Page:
His Girl Friday

Want to see the true genius of Howard Hawks? You only have to look as far as His Girl Friday (1940). As good as Ben Hecht’s play The Front Page was, it took Hawks (with Hecht’s assistance) to take it to the next level. Hawks talked about the origin of the film in an interview with Peter Bogdanovich:

I was going to prove to somebody one night that The Front Page had the finest modern dialogue that had been written, and I asked a girl to read Hildy’s part and I read the editor and I stopped and I said, ‘Hell, it’s better between a girl and a man than between two men,’ and I called Ben Hecht and I said, ‘What would you think of changing it so that Hildy is a girl?’ And he said, I think it’s a great idea,’ and he came out and we did it.

Much has been written about the Hawksian woman, who can hold her own against a group of rowdy and insular males, but is no less feminine for being able to do so. For Hawks to convert a best-friend role to a best-gal role was almost second nature. Hawks did more than just change the gender of one of the characters. He kept most of the drama involving Earl Williams, the convicted murdered, but he also built up what would become the main concerns of the film — will Hildy walk out on Walter Burns, quit the Morning Post, and marry her fiancée? If the film has a flaw, it’s the wide swings between its dramatic and comedic threads. Fortunately, Hawks and Hecht interweave the two at such a frantic pace, we barely have time to consider the incongruities.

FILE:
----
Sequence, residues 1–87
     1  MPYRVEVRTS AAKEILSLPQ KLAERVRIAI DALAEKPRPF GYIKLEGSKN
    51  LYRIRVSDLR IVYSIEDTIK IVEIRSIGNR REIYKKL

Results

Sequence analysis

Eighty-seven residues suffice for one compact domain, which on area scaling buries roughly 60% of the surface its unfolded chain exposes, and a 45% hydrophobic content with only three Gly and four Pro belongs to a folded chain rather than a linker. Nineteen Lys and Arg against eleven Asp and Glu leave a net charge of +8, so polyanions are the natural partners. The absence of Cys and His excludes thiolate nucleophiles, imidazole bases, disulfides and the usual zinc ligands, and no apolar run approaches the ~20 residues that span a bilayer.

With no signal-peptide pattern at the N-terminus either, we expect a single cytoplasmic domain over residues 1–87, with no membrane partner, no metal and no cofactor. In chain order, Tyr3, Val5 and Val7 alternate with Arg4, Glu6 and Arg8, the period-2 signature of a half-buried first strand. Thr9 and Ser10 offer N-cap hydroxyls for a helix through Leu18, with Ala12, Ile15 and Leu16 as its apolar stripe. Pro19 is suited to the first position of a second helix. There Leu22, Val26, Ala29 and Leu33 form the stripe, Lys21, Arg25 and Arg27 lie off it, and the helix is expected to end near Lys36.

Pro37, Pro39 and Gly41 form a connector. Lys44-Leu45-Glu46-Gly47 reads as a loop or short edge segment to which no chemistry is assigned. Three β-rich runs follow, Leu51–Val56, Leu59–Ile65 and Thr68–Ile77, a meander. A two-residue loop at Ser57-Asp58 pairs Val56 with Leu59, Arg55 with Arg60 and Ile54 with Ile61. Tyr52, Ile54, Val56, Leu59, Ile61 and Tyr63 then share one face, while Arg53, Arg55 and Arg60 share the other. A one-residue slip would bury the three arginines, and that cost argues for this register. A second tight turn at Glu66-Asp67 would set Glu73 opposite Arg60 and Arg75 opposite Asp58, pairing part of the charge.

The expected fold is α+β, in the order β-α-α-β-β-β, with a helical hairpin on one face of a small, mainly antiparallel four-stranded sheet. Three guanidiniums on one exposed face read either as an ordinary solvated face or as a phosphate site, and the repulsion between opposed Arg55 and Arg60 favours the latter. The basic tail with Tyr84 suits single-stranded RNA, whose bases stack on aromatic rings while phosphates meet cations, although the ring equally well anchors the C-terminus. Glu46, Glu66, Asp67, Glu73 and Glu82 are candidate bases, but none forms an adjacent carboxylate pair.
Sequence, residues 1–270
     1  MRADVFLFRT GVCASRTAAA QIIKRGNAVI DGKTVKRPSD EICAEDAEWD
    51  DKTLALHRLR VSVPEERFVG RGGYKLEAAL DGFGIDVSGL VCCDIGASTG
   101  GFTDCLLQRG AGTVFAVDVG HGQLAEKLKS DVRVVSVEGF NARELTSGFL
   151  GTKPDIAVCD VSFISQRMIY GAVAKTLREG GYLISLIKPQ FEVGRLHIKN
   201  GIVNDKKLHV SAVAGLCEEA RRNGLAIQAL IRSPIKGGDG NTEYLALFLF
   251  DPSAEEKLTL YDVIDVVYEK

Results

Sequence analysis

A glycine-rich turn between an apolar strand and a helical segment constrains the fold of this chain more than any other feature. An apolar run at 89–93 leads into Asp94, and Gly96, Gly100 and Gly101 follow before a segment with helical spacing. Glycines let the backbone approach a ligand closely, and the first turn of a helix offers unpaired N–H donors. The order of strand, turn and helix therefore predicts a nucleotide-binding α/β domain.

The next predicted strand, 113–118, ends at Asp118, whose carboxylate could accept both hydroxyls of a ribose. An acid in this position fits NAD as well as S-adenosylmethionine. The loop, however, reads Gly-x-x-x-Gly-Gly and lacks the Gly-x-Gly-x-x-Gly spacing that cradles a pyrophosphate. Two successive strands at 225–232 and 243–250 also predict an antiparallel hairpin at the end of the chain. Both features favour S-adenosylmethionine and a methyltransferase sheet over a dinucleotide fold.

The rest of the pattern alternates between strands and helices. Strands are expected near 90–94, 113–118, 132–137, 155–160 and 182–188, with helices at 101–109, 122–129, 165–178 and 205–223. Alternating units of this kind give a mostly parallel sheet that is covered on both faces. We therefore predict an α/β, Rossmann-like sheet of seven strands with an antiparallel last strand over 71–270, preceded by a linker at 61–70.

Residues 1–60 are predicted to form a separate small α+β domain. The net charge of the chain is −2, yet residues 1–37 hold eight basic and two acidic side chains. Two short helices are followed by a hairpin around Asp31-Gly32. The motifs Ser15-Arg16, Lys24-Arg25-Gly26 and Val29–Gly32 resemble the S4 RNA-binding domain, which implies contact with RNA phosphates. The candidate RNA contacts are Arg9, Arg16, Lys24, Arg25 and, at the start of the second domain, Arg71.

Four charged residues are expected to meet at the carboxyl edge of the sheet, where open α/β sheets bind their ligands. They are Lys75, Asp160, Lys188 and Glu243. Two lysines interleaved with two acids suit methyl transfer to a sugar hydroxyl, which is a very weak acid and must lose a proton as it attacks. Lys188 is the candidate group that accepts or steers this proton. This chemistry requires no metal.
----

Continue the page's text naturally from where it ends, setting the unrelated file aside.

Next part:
In a 1956 interview with Jacques Becker, Jacques Rivette, and Françoise Truffaut, Hawks spoke about the benefits of a fast pace:

I generally work with a faster than usual tempo than that of most of my colleagues. It seems more natural to me, less forced. I personally speak slowly, but people generally talk, talk, talk without even waiting for other people to finish. Also, if a scene is a bit weak, the more rapidly you shoot it, the better it will be on the screen. Moreover, if the tempo is fast you can emphasize a point by slowing the rhythm.

This film is often praised for its overlapping dialogue. Delivered in rapid-fire fashion — yet never seeming unnatural or forced — the script is a textbook example of how to engage the viewer with wit and style. The one-liners, causal asides, and occasional in-jokes make the first twenty minutes about as good as it gets. Cary Grant, Rosalind Russell, Ralph Bellamy, and a fine supporting cast round out the talent for one of the finest comedies ever.

His Girl Friday
(1952; directed by John Ford; cable, dvd, & blu-ray)
Criterion Collection
List Price: $49.95 (Blu-ray), $39.95 (DVD)

Friday, August 18 at 12:00 a.m. eastern (late Thu. night) on Turner Classic Movies